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Science Says You Should Give Child-Led Parenting a Try. Here’s Why

4 essential tips for child-led parenting

Published on: June 29, 2021

mother sitting on the ground outside her house playing with sidewalk chalk with her two children

It is often said that engaged parenting is the best way to raise a child. An example of being engaged could be discussing the reasons behind the emotion-driven behavior of characters in your kid’s favorite show and helping them learn about appropriate ways to react if they find themselves in a similar situation. The discussion could even explain why your child isn’t allowed to watch certain films or play certain games.

Although engaged parenting has its benefits, the line between being an engaged parent and being an overly engaged one may occasionally become a little blurred. Researchers whose studies have largely focused on overindulgent parenting say that when you give too much, love too much or excuse too much, you could be doing your child a major disservice. They say that overindulgent parenting can lead to lasting issues, such as learned helplessness, irresponsibility, poor self-control and a sense of entitlement.

In a recent study, researchers led by Stanford University associate professor Jelena Obradović observed how parents engaged with their kids in everyday situations, such as when they were playing, tidying up after themselves, learning a new game or discussing a problem. Approximately 100 children between the ages of 4 and 6 participated in the study. The researchers wanted to analyze parent-child engagement to understand how that engagement influences children’s behavior.

The study found that too much parent-led parenting can be counterproductive. In other words, the children of parents who intervened unnecessarily — for instance by suggesting solutions or asking questions even when their children were on top of things — were more likely to have a more difficult time regulating their behavior and their emotions. These children also tended to struggle more with issues related to self-control, executive function skills and attention. 

Ever since psychologist Haim Ginott interviewed a teen who spoke of feeling like his parents constantly “hovered over him, like a helicopter,” “helicopter parenting" has become a term commonly used to refer to parents who are always present, parents who overindulge their children. This type of “hovering” parenting can lead to negative outcomes. That said, children need their parents to be present, they need nurturing and they need some form of structure in order to thrive. So, how do you find the right balance between being too present and not being present enough?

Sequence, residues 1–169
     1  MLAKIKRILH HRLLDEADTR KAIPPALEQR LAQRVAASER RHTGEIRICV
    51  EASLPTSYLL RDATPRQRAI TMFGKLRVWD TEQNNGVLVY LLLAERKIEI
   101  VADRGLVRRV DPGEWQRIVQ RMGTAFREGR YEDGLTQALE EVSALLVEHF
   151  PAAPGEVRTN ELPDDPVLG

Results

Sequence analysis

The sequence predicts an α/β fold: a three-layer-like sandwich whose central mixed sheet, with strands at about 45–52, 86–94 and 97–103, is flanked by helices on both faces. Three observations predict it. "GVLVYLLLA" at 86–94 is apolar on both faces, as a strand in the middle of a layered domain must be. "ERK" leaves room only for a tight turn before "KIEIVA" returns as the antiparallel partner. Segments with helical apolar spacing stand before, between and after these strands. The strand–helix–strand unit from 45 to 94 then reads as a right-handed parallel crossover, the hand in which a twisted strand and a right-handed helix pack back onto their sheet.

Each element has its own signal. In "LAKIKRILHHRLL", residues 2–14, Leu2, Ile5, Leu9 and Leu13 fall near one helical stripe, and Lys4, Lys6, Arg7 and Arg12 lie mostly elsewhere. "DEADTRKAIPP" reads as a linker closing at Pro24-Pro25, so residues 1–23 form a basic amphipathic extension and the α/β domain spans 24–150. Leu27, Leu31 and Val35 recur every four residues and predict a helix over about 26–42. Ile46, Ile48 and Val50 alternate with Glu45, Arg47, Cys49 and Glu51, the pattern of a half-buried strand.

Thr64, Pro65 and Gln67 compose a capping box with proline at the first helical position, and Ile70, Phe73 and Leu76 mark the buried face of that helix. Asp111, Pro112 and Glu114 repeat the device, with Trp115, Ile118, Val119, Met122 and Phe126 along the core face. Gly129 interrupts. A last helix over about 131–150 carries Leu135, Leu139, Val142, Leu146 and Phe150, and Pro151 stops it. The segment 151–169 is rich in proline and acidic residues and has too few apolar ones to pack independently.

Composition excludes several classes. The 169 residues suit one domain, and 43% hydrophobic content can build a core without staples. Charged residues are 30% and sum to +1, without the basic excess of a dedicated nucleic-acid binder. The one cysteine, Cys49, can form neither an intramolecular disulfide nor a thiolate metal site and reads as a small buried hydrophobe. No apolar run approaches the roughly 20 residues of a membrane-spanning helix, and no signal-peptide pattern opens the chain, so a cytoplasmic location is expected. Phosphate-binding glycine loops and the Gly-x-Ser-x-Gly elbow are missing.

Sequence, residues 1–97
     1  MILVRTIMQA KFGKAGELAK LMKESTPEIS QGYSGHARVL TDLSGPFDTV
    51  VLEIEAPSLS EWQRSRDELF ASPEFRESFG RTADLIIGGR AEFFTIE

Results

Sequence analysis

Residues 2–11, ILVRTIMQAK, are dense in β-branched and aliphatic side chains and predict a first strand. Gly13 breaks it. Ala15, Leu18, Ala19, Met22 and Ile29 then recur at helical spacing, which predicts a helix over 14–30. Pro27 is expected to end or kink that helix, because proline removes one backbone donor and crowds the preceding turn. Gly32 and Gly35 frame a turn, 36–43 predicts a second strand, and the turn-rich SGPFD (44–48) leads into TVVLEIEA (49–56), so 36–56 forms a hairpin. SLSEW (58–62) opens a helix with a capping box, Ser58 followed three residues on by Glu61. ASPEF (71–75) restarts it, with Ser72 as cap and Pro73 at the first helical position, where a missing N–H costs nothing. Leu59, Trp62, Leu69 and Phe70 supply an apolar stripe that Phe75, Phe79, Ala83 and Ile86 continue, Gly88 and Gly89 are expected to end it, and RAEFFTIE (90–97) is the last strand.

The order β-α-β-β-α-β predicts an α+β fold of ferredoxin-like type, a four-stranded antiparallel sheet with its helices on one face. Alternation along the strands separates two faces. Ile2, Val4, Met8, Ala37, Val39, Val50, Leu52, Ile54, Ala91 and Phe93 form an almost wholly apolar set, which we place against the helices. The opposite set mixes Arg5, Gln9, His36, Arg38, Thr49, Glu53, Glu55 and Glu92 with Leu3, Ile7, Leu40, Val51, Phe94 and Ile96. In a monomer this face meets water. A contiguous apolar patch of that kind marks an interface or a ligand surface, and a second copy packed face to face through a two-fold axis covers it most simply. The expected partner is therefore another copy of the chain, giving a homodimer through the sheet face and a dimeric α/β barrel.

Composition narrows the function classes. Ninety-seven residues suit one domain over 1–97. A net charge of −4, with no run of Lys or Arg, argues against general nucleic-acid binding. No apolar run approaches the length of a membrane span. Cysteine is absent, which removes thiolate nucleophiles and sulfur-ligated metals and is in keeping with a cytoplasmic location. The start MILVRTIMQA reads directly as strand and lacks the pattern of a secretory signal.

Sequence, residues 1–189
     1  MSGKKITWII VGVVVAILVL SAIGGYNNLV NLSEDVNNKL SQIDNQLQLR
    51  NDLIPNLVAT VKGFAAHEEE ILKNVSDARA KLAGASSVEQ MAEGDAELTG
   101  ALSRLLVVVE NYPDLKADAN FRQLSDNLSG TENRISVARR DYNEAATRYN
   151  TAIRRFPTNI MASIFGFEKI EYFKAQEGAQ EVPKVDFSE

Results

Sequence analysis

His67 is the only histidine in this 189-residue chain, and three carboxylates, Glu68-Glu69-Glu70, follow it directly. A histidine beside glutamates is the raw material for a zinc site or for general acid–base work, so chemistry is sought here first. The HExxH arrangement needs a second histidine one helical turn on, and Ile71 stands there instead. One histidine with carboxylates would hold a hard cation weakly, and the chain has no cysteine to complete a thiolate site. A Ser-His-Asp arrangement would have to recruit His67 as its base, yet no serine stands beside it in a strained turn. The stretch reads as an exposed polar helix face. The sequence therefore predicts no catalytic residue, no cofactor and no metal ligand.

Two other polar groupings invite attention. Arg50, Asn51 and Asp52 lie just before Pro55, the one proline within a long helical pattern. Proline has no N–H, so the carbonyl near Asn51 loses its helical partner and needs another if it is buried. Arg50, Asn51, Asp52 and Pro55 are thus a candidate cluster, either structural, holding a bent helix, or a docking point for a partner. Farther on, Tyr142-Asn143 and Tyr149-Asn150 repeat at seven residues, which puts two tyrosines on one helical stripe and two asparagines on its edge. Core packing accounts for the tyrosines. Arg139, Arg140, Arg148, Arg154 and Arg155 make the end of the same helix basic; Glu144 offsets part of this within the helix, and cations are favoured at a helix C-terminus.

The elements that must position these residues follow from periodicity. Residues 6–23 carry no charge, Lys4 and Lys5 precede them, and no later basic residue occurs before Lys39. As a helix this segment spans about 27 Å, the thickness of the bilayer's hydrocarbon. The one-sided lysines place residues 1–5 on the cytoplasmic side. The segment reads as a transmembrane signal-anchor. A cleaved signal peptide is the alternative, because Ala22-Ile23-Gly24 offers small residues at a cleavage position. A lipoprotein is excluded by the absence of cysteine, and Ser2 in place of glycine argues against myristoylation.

The Stanford University researchers suggest that adopting child-led parenting can make it easier to know when you need to intervene and when it is time to pull back. Here are four easy ways to adopt this practice. 

Don’t help unless you have to.

Wanting to help your child is normal, but too much intervention can prevent them from learning to do things by and for themselves. Honestly go over how you engage. Does your child constantly require your help? Are you always hovering? What do you do for them that you should be letting them do for themselves? Be honest about what you need to stop doing and what your child needs to start doing independently. Be willing to step back and let them lead in situations where your intervention is unnecessary.

Give your child the tools they need to succeed.

You’ve probably heard Maria Montessori’s well-known mantra: “Help me to help myself.”

Montessori believed that if children were provided with the right tools in the right environment, they would succeed. In terms of raising your child, this means helping them develop important skills, such as:

  • Decision-making – Encourage your child to participate in the decisions that concern them. Examples can be as mundane as asking them to choose between their red shirt or their blue one. Invite them to negotiate the “negotiables,” or ask for their opinion when making a family decision or solving a family issue.
  • Autonomy – Set your child up to accomplish things for themselves by ensuring that they have the tools they need to succeed. For example, some clothing (no zippers, no shoelaces, etc.) can make it easier for even the youngest children to get dressed by themselves. Encouraging your child to do age-appropriate chores shows them that they are capable of success.
     

Step in when you have to.

Although kids benefit from experimenting and learning to do things by themselves, there are many occasions when they require a parent to intervene. For example, coaching your child to express their emotions in words helps them develop their emotional intelligence skills.

Most children require parental intervention to help them understand and learn to deal with difficult situations. That said, parental intervention does not mean shielding your child from those situations. It simply means being present to talk things over and provide them with the tools they need to deal with those situations when they recur in the future. 

Provide a strong structure.

Freedom can work only within an established structure. You can let go only if both you and your child are aware of what is expected. So, what are your negotiables and nonnegotiables in terms of your child’s behavior? What do you expect from your child, and what are the consequences if those expectations are not met? Does your child clearly understand the expectations and the consequences?

Overly engaged parenting always comes from a good place, but it can turn your child into a dependent adult. The more you let go, the more you show your child that you believe they have what it takes to succeed in life.

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